ANSI - American National Standards Institute
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ISO To Develop Guidelines for Social Responsibility

New York, Jul 13, 2004

The International Organization for Standardization (ISO) has solidified plans to develop an International Standard for social responsibility. The objective is to produce "a guidance document, written in plain language which is understandable and usable by non-specialists" and not intended for use in certification.

The decision was taken at a senior ISO management meeting in late June 2004 in Stockholm, following an international conference in the Swedish capital earlier the same week. The conference provided a platform for stakeholders to give their views on whether ISO should proceed with work addressing the social responsibility (SR) of organizations and, if so, what form it should take.

Based on the consistent and supportive feedback from the conference, ISO concluded that SR work should be "undertaken immediately". In taking its decision, ISO noted "that social responsibility involves a number of subjects and issues that are qualitatively different from the subjects and issues that have traditionally been dealt with by ISO".

ISO Secretary-General Alan Bryden commented: "ISO's decision is based on a thorough analysis of trends and initiatives relating to social responsibility and the active involvement of all interested groups of stakeholders. The consensus achieved on the way forward for an ISO contribution illustrates the broadening of the scope of our work and the recognition that today, ISO not only provides a growing portfolio of technical standards, but may also supply solutions and guidance on social and environmental issues in the global economy. This new venture is obviously of great interest to stakeholder groups such as consumers, NGO's, labour and regulators whose participation and input ISO both needs and values."

To develop the SR standard, ISO will set up a new working group answering directly to ISO's Technical Management Board (TMB) that oversees the activities of the organization's 186 standards-developing technical subcommittees. As a first step, it has formed a task force to propose the terms of reference and operating processes for the working group in time for consideration at the TMB meeting in September 2004.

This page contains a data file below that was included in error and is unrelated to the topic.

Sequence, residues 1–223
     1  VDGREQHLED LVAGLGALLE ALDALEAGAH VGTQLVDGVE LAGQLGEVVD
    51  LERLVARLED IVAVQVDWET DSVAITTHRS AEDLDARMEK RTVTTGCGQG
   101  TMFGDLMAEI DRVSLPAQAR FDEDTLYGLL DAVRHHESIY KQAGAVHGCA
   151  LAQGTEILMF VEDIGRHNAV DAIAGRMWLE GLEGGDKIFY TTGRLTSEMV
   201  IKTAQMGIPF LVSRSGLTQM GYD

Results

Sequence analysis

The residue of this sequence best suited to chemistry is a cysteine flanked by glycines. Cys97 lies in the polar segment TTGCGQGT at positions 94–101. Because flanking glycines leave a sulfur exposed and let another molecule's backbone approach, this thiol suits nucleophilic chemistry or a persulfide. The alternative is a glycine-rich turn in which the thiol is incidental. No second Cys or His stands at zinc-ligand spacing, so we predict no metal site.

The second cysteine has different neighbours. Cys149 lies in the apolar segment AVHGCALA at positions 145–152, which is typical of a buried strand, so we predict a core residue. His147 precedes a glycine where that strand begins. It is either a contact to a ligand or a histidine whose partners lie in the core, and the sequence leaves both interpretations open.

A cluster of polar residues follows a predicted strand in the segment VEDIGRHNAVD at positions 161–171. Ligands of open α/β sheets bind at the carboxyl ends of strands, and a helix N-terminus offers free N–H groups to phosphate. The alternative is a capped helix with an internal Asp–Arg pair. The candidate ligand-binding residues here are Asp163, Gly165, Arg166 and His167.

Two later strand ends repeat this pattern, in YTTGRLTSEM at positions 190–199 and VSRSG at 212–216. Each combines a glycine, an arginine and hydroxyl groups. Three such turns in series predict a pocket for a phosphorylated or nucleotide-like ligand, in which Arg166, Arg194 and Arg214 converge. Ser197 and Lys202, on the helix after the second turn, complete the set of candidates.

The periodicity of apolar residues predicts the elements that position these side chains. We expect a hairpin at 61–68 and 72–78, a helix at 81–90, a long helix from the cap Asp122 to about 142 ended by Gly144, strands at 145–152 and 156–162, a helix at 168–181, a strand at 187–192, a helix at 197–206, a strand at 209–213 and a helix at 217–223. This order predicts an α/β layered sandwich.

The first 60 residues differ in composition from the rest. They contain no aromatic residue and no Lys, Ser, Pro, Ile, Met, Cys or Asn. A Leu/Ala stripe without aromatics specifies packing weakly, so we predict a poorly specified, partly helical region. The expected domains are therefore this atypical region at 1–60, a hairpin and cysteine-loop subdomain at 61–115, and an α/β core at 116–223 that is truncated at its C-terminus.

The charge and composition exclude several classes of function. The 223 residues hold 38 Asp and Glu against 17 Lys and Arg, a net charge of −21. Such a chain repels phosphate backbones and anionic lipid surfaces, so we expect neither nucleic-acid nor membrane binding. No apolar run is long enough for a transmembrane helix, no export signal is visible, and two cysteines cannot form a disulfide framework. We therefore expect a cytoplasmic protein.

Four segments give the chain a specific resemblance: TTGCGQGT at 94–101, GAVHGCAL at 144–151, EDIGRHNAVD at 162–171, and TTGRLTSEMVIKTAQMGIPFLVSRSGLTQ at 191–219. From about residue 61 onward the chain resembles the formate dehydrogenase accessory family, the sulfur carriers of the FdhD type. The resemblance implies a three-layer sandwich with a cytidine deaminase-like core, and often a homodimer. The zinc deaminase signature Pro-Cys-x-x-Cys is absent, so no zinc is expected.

Even before that date, the national standards institutes that comprise ISO's worldwide membership are being asked to submit by August 15, 2004, their candidates for a twinned leadership and secretariat to the SR working group, linking developed and developing countries. The experts to the working group will be appointed by the ISO members from all stakeholder categories. Related international and broadly based regional organizations will also be able to appoint experts.

ISO intends to make it easier for experts from developing countries to participate, as well as from other stakeholder categories with limited resources, such as nongovernmental organizations, consumer associations and others. A post will be created within the working group specifically to deal with stakeholder participation, including funding.

In deciding to develop an SR guidance standard, ISO emphasizes that it is intended to add value to, and not to replace, existing inter-governmental agreements with relevance to social responsibility, such as the United Nations Universal Declaration of Human Rights, and those adopted by the International Labour Organization (ILO), and other UN conventions. Furthermore, it recognizes the need to develop an agreement with ILO on cooperation between the two organizations in the area of social responsibility.

The ISO SR conference, which was hosted by the Swedish Standards Institute (SIS), drew 355 participants from 66 countries, including 33 developing countries, representing the principal stakeholder groups: business, government, labor, consumers, international and nongovernmental organizations.

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